Length of UBI

The position of the authors is that each American should receive UBI benefits for an indefinite period of time. This is an important step to ensuring that each American is given the opportunity to contribute within the American economy, provide safe and secure environments for children of all backgrounds and allow the American economy to be enjoyed by every consumer. I believe COVID-19 has severed the red tape previously preventing the conversation on these difficult and complex issues which has allowed for a more enlightened, unrestricted discussion. Again, please feel free to contact the email below as we would welcome hearing from readers and fellow researchers regarding this proposal.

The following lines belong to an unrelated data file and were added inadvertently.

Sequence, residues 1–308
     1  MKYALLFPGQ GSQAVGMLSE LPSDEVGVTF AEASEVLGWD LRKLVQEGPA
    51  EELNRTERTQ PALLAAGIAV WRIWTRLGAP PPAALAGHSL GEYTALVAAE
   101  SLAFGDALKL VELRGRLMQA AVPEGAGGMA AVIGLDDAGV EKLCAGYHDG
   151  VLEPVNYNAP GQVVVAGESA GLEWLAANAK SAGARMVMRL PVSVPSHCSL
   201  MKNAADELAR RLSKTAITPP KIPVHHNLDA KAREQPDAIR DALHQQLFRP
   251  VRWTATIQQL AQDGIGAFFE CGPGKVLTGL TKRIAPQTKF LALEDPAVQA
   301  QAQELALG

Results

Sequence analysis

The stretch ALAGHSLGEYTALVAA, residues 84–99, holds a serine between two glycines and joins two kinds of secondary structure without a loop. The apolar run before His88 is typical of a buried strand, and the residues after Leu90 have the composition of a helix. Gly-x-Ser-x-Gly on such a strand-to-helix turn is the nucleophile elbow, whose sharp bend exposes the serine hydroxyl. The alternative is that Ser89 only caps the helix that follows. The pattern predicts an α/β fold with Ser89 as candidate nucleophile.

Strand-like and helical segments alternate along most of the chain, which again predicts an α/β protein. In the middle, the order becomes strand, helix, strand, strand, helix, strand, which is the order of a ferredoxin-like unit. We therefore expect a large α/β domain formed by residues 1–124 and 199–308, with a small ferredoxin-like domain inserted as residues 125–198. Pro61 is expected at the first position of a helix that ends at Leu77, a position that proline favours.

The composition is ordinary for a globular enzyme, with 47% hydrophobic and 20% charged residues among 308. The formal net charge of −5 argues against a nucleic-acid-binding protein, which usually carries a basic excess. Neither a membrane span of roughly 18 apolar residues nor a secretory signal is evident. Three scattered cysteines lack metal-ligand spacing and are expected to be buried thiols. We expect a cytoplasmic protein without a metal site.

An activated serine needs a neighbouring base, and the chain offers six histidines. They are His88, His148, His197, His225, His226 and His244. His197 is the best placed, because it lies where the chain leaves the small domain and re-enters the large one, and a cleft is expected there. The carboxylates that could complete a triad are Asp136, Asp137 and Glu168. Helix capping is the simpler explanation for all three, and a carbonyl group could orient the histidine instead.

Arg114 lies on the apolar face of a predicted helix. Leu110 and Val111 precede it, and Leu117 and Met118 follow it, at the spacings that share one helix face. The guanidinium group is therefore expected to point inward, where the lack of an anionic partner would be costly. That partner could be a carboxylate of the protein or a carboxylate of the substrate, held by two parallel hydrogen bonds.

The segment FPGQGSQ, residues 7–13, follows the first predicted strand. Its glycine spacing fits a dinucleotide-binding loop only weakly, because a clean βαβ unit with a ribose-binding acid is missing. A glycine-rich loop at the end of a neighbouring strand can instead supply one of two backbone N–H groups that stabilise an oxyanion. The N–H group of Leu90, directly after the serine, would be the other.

Authors:

William Clements, Ph.D., is a Professor of Criminal Justice and Psychology at higher education institutions. As a B.S. of Justice Studies, an M.S. of Forensic Psychology (concentration: Legal Systems), and a PhD of Public Policy and Administration (concentration: Public Management and Leadership), he is a research fellow at the Institute for Polarities of Democracy and has served in public service fields for 13+ years. His interests include investigative journalism, economics, politics, and, of course, public policy.

Layné Clements, B.S. in Biological and Biomedical Sciences (minor: Chemistry), has been a laboratory researcher for 3+ years and is an advocate for science literacy, public health issues, climate change action, and precision medicine.